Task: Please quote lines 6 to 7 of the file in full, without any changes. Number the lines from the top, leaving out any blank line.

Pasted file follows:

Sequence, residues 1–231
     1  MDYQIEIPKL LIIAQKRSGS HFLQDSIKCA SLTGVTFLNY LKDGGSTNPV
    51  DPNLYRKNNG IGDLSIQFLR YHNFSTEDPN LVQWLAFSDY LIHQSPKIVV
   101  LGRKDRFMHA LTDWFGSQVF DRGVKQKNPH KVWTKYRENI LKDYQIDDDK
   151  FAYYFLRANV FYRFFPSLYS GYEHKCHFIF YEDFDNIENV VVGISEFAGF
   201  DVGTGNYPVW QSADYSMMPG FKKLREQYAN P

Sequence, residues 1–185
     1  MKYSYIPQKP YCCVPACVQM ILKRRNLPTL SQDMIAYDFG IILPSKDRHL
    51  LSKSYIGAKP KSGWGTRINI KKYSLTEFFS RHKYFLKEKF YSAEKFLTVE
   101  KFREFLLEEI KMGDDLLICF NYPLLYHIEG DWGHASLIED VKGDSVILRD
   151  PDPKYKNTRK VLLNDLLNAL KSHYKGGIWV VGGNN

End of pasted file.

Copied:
   201  DVGTGNYPVW QSADYSMMPG FKKLREQYAN P

Sequence, residues 1–185